Peer Network-based Design-led Intervention Study to Reduce Adolescent’s Sedentary Behavior and Promote Exercise

DURATION 2022.03-2022.07
ROLE Ideation, Data Collection & Analysis
COLLABORATORS Child & Family Experts
SUBJECTS Adolescents (Middle School Students)
METHODS Survey, Online focus Interview, Home User Test

BACKGROUND. This study addresses the concerning trend of increased sedentary behavior and decreased physical activity among Korean adolescents, potentially leading to health problems. Prior research has shown a gap in designing and analyzing interventions for this age group based on theoretical frameworks that integrate the Theory of Planned Behavior (TPB) and Self-Determination Theory (SDT).

RESEARCH PURPOSE. This study aims to bridge this gap by developing and analyzing an intervention based on this integrated framework to promote physical activity in adolescents.

RESEARCH QUESTIONS. What intervention design, based on a combined TPB-SDT framework, can effectively promote physical activity in children? What is the impact of the developed intervention on promoting physical activity in this population?

RESEARCH APPROACH. A survey of 113 middle school students, along with online focus group interviews with seven students from the first and second grades, revealed key challenges contributing to the lack of exercise: Limited time, Excessive media use, and a Lack of opportunities for outdoor peer interaction.

Intervention: Intervention: Peer Network Exercise Diary. This intervention is a peer network exercise diary grounded in TPB-SDT principles. Users can log the type, intensity, duration, and post-exercise feelings in a fun interface. The diary facilitates sharing these logs with peers and offering supportive feedback. Fun elements aim to enhance the enjoyment of exercise recording, fostering a more positive perception of physical activity. Peer interaction allows users to gain insights into their peers’ exercise routines and social support regarding their own behavior.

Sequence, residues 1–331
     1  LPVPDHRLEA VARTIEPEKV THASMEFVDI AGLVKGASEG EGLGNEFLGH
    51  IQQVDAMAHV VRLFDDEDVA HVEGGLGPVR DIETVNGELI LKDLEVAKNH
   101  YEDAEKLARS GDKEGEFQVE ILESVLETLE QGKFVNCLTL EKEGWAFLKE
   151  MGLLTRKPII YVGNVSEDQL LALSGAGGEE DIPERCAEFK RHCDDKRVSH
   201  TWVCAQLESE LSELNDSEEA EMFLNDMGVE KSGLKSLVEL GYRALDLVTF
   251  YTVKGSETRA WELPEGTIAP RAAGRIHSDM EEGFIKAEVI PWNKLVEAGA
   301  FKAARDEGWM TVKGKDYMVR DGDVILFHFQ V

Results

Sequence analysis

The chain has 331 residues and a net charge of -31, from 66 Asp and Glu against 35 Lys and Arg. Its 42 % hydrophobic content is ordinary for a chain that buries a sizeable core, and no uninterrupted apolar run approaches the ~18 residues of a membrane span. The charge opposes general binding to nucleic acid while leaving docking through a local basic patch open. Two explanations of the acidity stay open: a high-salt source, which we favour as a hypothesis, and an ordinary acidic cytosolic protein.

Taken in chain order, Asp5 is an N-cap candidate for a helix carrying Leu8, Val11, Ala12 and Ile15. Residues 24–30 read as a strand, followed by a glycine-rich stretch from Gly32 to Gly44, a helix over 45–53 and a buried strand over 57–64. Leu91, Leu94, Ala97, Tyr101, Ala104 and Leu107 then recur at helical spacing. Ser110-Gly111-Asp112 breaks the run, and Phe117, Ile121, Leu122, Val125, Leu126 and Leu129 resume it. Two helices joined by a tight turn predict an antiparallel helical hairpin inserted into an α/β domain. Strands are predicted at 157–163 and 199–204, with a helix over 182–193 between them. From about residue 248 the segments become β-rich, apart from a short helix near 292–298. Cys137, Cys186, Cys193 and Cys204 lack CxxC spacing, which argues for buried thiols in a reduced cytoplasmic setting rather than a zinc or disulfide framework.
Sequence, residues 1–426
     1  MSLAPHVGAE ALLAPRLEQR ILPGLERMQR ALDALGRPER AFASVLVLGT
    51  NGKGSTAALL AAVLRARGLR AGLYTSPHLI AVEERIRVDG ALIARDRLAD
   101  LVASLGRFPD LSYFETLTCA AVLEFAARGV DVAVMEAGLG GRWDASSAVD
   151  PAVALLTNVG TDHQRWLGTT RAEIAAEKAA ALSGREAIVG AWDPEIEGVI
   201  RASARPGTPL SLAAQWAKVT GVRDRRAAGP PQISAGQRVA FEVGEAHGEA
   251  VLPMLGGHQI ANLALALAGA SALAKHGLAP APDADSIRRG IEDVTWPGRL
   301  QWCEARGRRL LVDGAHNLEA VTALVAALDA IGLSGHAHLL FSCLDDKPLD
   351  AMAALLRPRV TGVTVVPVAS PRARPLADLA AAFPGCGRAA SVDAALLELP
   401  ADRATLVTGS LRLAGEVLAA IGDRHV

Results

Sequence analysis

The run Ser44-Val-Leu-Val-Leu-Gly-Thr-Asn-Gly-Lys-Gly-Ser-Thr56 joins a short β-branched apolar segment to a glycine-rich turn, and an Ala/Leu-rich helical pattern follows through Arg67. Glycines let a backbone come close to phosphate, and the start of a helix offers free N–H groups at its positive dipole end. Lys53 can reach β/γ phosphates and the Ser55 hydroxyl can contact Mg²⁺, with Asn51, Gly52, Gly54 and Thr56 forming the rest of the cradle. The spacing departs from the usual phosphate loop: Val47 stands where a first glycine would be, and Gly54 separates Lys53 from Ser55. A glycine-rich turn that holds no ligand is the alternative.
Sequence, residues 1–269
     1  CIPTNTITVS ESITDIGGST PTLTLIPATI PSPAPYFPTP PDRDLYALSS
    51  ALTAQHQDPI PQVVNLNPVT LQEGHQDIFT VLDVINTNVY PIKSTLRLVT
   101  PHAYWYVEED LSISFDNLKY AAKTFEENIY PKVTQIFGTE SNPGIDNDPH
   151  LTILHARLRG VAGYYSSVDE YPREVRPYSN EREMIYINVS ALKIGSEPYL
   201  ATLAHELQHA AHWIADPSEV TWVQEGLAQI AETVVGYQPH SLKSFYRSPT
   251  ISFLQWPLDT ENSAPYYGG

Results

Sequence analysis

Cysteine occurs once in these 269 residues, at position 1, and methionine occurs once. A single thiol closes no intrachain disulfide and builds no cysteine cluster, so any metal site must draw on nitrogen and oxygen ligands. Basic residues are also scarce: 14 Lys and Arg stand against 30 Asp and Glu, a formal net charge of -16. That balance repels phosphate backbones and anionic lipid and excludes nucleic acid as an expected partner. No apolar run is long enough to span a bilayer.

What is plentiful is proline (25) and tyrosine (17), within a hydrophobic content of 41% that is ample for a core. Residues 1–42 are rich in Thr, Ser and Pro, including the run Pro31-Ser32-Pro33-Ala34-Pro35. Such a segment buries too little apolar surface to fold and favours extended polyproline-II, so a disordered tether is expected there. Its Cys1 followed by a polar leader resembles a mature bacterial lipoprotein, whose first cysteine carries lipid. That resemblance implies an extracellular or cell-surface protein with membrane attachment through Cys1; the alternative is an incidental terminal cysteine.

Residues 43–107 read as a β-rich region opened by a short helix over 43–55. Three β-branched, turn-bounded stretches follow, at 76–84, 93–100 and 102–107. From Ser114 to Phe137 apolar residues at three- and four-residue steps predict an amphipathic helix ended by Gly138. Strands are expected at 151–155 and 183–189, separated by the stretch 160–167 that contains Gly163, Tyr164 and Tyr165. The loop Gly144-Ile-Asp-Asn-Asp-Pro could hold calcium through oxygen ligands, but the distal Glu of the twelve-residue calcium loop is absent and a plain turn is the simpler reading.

METHODS. A two-week Home User Test with three third-year middle school girls employed a qualitative approach, revealing positive changes in exercise attitudes (measured through pre- and post-surveys with questionnaires based on Ajzen (1991)’s Theory of Planned Behavior) and exploring participants’ experiences with the diary and their overall satisfaction through semi-structured interviews.

RESULTS. The peer network exercise diary demonstrated positive changes in all measured aspects: attitudes towards exercise (attitude), perceived social support for exercise behavior (subjective norm), and self-efficacy (perceived behavioral control). Notably, the most significant improvements were observed in attitudes and perceived social support. However, the study acknowledged limitations regarding time constraints and physical barriers that may hinder long-term adherence.

IMPACT. This research contributes to the field by offering a novel intervention design and has been published in the journal of The Korean Society of Living Environmental System.